What does it mean when we “intercede” for someone, offer “intercessory” prayer? Is it something other than just “saying a prayer” for them? As you have probably just guessed, it is. The word “intercede” literally means to “go between.” If I offer intercessory prayer for you, I stand between you and God, “connecting” the two of you, as it were. I bring your needs before the face of God, and if it pleases Him, He will hear my prayer and grant what you need.
Why is it, though, that I don’t merely pray for my own needs and you pray for yours? Do we need each other as “go-betweens” with God? The answer lies not in any metaphysical necessity, but in the will and love of God. God is personal and He works through persons, be they angels or men, and not simply by almighty divine fiat. God is love, and what He does in and through us is love. Jean Lafrance, after reading the writings of St Silouan of Mt Athos, remarked: “He especially showed me how much God’s love impels us to intercede for our brothers” (emphasis in the original).
In her book, Secret of the Heart: Spiritual Being, Jean-Marie Howe, OCSO, writes: “In the second letter to the Corinthians,
She continues: “What is this love of which he speaks? It is the love that ‘impelled’ Christ to die in order for all to be reconciled with God… The love of Christ that inspires Christians is a love that seeks the salvation of all humanity. Ultimately, Christians are motivated, perhaps even ‘compelled,’ not by their love for Christ, but by the very love of Christ burning within their hearts…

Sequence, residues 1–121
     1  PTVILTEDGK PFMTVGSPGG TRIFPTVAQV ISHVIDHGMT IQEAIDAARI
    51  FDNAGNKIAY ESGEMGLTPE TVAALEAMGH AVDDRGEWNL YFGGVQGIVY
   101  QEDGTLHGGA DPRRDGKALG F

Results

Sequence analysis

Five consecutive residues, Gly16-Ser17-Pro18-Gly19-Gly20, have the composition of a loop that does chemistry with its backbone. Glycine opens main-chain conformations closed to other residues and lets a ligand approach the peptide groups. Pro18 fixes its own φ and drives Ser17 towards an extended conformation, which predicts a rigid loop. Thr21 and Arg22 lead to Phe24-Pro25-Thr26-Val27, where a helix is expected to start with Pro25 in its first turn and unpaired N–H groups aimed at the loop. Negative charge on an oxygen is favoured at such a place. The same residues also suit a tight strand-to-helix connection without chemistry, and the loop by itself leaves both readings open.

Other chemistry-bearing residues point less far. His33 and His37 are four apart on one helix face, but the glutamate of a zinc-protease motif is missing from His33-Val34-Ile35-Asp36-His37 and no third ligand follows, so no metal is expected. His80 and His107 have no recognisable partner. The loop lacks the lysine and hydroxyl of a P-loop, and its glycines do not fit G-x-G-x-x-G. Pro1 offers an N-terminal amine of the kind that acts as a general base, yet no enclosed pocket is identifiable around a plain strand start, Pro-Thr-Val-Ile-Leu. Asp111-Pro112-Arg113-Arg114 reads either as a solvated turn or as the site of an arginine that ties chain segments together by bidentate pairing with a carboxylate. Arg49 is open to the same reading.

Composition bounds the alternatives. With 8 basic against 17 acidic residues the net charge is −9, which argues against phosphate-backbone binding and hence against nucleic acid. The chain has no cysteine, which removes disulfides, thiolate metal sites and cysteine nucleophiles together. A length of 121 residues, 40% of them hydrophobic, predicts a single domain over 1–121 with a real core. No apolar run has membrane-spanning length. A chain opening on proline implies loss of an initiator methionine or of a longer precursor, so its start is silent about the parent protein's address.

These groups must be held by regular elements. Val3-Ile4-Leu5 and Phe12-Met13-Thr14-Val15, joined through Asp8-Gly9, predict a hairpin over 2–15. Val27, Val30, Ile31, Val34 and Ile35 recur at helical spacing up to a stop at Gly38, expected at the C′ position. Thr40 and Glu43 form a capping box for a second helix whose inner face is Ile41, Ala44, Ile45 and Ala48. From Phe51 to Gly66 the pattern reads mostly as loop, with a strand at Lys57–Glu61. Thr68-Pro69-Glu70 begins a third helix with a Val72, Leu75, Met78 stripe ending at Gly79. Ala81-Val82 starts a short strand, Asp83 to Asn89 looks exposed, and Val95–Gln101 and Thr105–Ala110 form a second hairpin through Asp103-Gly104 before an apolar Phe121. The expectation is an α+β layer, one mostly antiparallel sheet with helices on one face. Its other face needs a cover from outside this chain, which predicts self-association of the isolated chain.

Allow me to let her do the talking: “If one pursues this passage of Scripture a bit further, one finds that the Greek word which is translated as ‘constrains’ or ‘compels’ is used elsewhere with the additional connotation of ‘anguish’ (Lk. 12:50; 2Cor. 2:4). This love of Christ is an anguished love; perhaps this is what Pascal meant when he said that Christ would be in agony until the end of the world. The love that compels Christ can know no respite until all creation is reconciled with God. To the degree that one can say, ‘I live now not with my own life but with the life of Christ who lives in me’ (Gal. ), one will be compelled by this consuming love which gives itself for the salvation of the world. This anguished love is the heart of Christian prayer; how much more central should it be to the monk’s prayer? In speaking this way, we realize that Christian intercession is intimately associated with the primordial intercession of Christ, identified both with the sin of the world and the loving will of the Father, even to the point of holocaust.”
Finally, she quotes a passage from Dom Andre Louf, who wrote the following after visiting a hermit on Mt Athos: “Suddenly, I was very, very touched by a deep impression that in this private chapel before a primitive iconostasis, in the sanctuary of this hermit I was really at the heart of the world and of the Church. There was nothing more important than to be there and pray. The only important thing in the world was to be there before the face of Christ.”
Mother Jean-Marie concludes that monks ought to have this attitude in response to all those who seek our intercession, who need us to stand for them before the face of God—He who alone can soothe the wounds of bodies and souls that ache with their need for the Savior. For monks, she says, “The only thing that matters is to be there, in the monastery, at the heart of the world, at the heart of the Church, and pray.”
Monks may have a special charism for intercession, but as members of the Body of Christ we are all called to stand before the face of God for those who entrust their needs to us, those who perhaps have lost all strength and hope and confidence to go to the Throne of Grace alone. We bear the burdens of our brothers and sisters and thus fulfill the law of Christ (Gal. 6:2). We don’t just say prayers. We intercede, we “go between,” for the love of Christ impels us.